Learn Japanese Yasuke Tips 猿も

Great Artists Do Not Create, They Do Not Copy, They STEAL

This is very likely the most important post I have written about learning Japanese.

In a 1996 address, Steve Jobs quoted the statement “Good artists copy; Great artists steal” (which he misattributed to Picasso – but that is besides the point).

What Steve Jobs likely meant – and what we will be talking about – is a fundamental habit of people who master a craft….

…. let’s call it “ruthless imitation”

Before we talk about that, let’s define some terms.

Most people starting out on acquiring a second language think in terms of “how do I translate this thought from my native language into my target language?”

Let’s call that approach “creating.”

You have gotten some grammar down and have some vocabulary and you decide you want to piece those together into the thought that is in your head. It will almost inevitably become…

怪しい日本語 (あやし にほんご ayashi nihongo)

Ayashi nihongo is the Japanese language equivalent of EngRish (with a capital R). If you don’t know what EngRish is just look at or move to Asia where it exists in spades. Basically it is humorously off-sounding “English” that non-native English speakers “create” when they try to make their own English sentences using grammar they have learnt.

If you are actually trying to communicate, you don’t want to make new and “delicious” Japanese sentences. You don’t want ayashi nihongo.

But the scary truth is, it is not only the beginner students who create this stuff. In fact the best (funniest) EngRish is often created by the best non-native English speakers when they try to translate product labels without the help of a native speaker. For example:

“Eating is a simple action to human beings but choosing something to eat becomes a hardest subject for modern people.”

This is very advanced English, unfortunately it is also completely laughable. This is a monkey that has fallen off the tree.

What is the anecdote for ayashi nihongo?

  1. Copy instead of create.
  2. The native-check. Have a native speaker look over your sentences.

First let’s talk about the native-check. How can you get a native speaker to correct your work? One solution that I have written a guide on how to use, is

About Copying.

You don’t want to translate. You want to find what a native speaker would say in a given situation and say that. This is copying. It is your first step toward the end goal of “stealing.”

How do you find what a Japanese speaker would say? Google is your friend and this post teaches you how to google in Japanese.

A word in Japanese on “copying”:





I want to say a few words about conveying meaning in conversation.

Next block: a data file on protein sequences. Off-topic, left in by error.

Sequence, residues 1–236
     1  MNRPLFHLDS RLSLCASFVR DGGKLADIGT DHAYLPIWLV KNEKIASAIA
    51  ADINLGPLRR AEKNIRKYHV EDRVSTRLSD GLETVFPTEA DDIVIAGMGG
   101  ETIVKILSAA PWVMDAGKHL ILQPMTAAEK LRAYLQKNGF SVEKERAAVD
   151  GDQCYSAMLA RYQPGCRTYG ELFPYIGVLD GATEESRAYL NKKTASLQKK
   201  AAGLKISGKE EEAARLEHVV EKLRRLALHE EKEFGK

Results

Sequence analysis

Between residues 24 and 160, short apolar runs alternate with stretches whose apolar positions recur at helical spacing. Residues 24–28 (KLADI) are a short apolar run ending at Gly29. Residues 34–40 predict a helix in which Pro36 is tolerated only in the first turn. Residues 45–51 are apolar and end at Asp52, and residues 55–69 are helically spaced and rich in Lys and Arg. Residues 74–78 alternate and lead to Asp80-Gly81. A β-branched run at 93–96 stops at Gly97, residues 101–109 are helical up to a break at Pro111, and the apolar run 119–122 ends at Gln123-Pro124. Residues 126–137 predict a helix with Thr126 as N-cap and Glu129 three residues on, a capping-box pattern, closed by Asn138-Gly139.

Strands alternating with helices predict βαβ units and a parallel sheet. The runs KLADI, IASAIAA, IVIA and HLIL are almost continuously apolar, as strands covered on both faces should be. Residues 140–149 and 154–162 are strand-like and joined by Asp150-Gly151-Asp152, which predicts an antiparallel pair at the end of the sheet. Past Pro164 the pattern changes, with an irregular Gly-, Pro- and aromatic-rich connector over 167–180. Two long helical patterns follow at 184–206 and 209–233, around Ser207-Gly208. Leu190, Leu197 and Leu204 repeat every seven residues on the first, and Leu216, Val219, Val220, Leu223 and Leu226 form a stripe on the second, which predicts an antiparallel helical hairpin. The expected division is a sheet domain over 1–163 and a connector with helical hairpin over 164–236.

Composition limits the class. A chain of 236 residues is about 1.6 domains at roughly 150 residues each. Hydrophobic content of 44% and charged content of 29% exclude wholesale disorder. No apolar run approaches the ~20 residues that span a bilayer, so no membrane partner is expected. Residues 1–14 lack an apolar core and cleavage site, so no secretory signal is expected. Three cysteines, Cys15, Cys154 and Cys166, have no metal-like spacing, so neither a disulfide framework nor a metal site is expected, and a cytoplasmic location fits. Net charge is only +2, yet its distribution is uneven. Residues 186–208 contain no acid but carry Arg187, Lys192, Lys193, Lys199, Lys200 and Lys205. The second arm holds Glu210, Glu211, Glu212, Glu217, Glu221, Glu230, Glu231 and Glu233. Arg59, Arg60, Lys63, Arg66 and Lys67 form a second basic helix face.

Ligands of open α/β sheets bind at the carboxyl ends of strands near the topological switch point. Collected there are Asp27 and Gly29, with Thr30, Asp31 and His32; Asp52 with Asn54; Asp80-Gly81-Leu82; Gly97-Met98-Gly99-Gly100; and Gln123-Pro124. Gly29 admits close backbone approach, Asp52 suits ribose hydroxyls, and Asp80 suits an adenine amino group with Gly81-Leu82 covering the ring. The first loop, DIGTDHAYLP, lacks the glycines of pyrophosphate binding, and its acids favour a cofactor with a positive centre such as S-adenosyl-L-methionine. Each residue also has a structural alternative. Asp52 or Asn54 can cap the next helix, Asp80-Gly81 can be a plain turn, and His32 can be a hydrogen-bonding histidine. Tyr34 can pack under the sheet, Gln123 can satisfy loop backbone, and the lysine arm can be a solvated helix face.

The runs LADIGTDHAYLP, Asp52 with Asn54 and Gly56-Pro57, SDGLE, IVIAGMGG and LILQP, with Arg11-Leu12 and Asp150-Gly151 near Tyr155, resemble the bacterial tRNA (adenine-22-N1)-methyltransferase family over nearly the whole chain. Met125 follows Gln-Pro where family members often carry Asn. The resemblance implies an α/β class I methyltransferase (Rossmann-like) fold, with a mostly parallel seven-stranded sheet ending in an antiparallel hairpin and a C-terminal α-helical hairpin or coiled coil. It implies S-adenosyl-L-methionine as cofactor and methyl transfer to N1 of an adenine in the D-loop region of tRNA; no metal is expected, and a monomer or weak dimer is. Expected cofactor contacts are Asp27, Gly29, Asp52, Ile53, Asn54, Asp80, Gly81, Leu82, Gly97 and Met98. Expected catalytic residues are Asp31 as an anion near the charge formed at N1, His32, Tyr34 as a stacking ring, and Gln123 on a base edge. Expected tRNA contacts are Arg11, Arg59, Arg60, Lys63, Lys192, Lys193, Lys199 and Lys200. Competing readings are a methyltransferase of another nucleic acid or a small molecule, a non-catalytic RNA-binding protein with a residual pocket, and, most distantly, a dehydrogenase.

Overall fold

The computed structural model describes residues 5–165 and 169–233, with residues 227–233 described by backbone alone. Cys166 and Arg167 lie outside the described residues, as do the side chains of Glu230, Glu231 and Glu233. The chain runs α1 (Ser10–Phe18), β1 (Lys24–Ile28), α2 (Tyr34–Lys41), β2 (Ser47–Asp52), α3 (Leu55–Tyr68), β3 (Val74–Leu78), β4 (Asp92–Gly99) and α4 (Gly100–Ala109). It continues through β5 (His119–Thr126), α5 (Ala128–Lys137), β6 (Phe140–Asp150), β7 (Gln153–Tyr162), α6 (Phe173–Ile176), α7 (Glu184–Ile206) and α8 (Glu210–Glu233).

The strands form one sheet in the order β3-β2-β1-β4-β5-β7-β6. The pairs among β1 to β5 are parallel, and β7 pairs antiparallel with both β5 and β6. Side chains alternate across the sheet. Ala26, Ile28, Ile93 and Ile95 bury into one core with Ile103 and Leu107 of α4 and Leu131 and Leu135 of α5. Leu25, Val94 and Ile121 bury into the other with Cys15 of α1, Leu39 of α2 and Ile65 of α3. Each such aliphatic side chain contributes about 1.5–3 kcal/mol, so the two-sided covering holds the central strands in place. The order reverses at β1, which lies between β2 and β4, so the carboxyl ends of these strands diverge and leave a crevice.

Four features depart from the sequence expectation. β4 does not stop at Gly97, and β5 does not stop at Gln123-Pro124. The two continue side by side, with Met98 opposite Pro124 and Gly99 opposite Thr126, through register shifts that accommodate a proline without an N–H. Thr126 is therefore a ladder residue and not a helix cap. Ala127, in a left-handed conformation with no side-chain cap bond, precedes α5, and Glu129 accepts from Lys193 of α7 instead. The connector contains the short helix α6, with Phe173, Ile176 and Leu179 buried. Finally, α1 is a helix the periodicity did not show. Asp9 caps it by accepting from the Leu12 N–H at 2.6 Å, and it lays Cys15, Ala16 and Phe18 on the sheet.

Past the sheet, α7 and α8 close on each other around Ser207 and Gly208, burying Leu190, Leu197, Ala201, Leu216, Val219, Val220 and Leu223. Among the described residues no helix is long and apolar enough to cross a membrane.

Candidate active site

First off, the goal is to make your words simple so your meaning can be readily understood.
But simple is not always easy. It takes work.
First you will need to think clearly about the meaning that you want to express; “what is my idea at its most basic form?”
And then you want to express that idea in the simple clear vocabulary.
Instead of trying to translate expressions from your mother tongue or use complex language, use the simple words and phrases you know in the target language to get as close to the idea you want to express as possible.

The above is a case-in-point for the message of this post. I wrote the above Japanese after finding a similar statement on a Japanese website related to learning English. I then used it as I crafted my own sentences (the dangerous part). My sentences were good, but – being a humble non-native speaker – I gave them over to a native speaker to check and correct. I didn’t want to be a fallen monkey. If I want to be able to use this type of language on-demand, I would practice text over and over until I was comfortable with it, which brings us to our next step…

After copying, you should proceed to “stealing” – this is the “ruthless imitation” we mentioned at the start.

What is this exactly?

Practicing a piece of language (maybe its a paragraph, or an audio clip, or whatever) so many times and from so many angles that you eventually “own it” as well as the native speaker does.

In other words, mastery.

The most important thing to note here, is that this does not take a high level of language ability. Instead it is something you do at whatever “level” of the language you are at. But the important thing is to practice the material like you are an OCD eighth level black belt. Over, over, over again – before you move on to other material.

Everyone who I have met or seen who is great at language (or anything) has gone through this process. There are no shortcuts.

That said and out of the way, these posts have info on how to practice a piece of material:

how to practice a piece of material in Japanese

Japanese writing practice,

progressing in Japanese.

Happy hunting.